How to Win the Battle of Perfectionism vs. Productivity

Done is better than perfect. If you keep on tweaking and changing, nothing will ever get done. Ever.

Perfectionism can be crippling.  I know this for a fact because I battle it every single day.  

First, let’s talk about what perfectionism IS.  When I talk about it, I am referring to the constant battle to keep tweaking, reworking, and reviewing things over and over and over again on the quest for making it perfect!

Do you know what this leads to?  It means that nothing ever gets DONE.  And if nothing gets done, then guess what happens to our productivity?  It tanks. Completely.

If you battle perfectionism, then you know exactly what I am talking about.  The home project that has been 90% done for 6 months…that blog post you have been editing for 5 weeks….the course video you keep re-recording each week before you are ready to launch…that sewing project you keep taking apart and starting over….it is exhausting.

The battle of productivity vs. perfectionism is real. You want to be productive.  You want to wrap up that project and move on to the next one but you just can’t until the current one is done. And to you, done means perfect.  

Perfectionism is the enemy, friends.  The quest to be perfect will kill you.

So, how do we overcome this?  

I am going to pull from my old software days and share with you something I coached software teams to do.  

Define “done” before you start your project.  

For example, let’s say that you set out to launch a blog.  Before you sit down to write your first blog post, take a few minutes and write down what “done” means for you.  In this example, you could write down “My first blog post is done when I have a title, 3 paragraphs or more, and have let one person edit it.”  

If you are tackling a room decorating project, perhaps your definition of done could be “I am done when the walls are painted, new curtains are hung and a new chair is purchased.”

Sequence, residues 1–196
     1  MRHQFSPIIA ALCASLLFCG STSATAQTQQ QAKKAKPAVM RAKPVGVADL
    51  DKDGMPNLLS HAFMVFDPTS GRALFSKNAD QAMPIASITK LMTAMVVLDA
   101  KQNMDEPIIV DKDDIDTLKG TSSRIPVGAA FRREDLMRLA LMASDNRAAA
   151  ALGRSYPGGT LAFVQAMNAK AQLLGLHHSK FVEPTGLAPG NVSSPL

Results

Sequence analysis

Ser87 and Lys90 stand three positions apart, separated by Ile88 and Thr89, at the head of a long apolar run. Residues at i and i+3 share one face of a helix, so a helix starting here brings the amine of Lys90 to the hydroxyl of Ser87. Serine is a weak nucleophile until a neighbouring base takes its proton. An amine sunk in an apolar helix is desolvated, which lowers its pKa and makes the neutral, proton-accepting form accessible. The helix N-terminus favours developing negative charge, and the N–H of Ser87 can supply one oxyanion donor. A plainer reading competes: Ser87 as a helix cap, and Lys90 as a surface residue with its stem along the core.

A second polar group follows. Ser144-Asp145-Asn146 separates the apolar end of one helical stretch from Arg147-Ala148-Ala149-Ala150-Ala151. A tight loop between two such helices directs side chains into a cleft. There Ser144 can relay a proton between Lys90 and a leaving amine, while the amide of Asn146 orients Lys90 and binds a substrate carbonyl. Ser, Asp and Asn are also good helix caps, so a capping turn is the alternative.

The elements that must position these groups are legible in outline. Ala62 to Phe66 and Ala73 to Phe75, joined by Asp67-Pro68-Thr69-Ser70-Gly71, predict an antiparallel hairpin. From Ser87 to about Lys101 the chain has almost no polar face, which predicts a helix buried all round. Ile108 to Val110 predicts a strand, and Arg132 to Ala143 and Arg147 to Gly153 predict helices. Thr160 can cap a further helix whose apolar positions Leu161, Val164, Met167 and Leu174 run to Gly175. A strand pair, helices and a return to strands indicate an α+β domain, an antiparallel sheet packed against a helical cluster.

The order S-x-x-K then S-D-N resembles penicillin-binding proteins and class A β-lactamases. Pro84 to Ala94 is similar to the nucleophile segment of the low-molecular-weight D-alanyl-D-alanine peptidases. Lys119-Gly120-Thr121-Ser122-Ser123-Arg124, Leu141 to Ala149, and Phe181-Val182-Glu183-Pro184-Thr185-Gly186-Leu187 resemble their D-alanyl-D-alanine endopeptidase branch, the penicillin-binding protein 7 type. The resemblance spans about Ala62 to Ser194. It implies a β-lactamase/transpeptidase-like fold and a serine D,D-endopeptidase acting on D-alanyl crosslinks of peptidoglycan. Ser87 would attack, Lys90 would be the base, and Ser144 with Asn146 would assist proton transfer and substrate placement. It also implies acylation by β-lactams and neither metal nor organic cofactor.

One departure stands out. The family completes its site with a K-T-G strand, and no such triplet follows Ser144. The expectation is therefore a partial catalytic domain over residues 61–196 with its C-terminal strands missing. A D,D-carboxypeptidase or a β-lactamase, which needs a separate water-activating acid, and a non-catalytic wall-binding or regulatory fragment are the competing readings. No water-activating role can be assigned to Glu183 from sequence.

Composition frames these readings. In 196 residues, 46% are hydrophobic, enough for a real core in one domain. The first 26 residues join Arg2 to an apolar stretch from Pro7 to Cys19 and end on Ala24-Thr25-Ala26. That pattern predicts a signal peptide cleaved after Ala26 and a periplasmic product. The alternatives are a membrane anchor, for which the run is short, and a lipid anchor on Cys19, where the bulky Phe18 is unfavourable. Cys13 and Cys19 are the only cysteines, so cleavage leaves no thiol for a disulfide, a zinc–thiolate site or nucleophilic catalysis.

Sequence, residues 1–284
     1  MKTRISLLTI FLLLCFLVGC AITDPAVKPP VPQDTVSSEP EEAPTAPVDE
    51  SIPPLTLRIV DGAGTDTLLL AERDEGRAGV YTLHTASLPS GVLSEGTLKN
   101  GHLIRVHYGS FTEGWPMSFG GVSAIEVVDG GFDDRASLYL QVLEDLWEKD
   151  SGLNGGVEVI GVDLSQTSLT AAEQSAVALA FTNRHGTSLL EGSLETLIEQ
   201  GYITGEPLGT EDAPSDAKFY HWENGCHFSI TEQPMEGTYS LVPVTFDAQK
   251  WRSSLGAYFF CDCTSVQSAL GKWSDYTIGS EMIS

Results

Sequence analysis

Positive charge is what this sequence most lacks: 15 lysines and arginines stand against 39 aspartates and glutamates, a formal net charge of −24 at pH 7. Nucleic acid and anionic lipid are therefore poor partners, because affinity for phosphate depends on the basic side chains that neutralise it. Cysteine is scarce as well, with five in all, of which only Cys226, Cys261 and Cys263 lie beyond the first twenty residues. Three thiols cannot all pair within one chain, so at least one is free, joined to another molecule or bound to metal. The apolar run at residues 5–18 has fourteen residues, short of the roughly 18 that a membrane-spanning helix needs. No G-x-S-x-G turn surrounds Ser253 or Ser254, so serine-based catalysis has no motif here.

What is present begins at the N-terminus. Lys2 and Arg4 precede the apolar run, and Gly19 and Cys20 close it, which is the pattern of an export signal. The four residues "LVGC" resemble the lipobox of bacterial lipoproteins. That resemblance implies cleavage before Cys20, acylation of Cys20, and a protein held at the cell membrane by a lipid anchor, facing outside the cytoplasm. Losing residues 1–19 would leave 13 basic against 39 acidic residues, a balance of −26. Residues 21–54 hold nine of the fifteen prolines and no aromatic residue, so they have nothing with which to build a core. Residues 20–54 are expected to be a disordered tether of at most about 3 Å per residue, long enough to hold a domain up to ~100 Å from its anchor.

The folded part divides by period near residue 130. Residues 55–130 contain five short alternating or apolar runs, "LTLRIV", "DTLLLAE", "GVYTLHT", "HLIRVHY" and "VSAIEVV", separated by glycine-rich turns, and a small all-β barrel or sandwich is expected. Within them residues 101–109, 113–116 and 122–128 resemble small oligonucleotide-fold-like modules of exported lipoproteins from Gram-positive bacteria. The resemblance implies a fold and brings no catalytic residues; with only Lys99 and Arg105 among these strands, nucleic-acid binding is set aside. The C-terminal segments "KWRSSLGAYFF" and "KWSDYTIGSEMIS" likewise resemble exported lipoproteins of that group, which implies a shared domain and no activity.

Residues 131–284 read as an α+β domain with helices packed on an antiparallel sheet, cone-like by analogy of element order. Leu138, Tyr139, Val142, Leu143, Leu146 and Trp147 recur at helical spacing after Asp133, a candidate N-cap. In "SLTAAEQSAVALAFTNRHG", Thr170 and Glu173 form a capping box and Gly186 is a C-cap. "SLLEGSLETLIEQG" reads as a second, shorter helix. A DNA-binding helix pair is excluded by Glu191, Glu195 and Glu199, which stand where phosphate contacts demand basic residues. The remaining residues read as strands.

The purpose of doing this is two-fold:

  1.  To give yourself a target…an ending point. This way, if you start to go off track you can circle back to your definition of done and remind yourself that this project is done when those goals are hit.  If you want to add more or do more, that goes on the list for a new project.
  2. You need to give yourself permission to move on.  You need to release yourself from the given task and stop the endless churn.  You need to let yourself tackle a new project or task. You need to feel the sense of completion.


I have a post it note that sits above my computer that says “Done is Better than Perfect.”  I have to revisit this many times a day.  

Are my blog posts perfect?  Nope.

Are my podcast episodes perfect?  Nope.

Are my videos perfect?  Nope.

Does that mean they aren’t good or valuable?  Nope. Not at all.

I have yet to share any piece of content (video, post, course, etc) that I am truly happy with…that I think is perfect.  However, I know I have delivered valuable tools and resources that are helping many.  

Done is better than perfect.  If I kept on tweaking until it was perfect, nothing would have gotten done.  Ever. 

So…in the spirit of being “done”, I am wrapping this up.  I want to change it for the 10th time. But I won’t. It is done..and now I can move on to another task!

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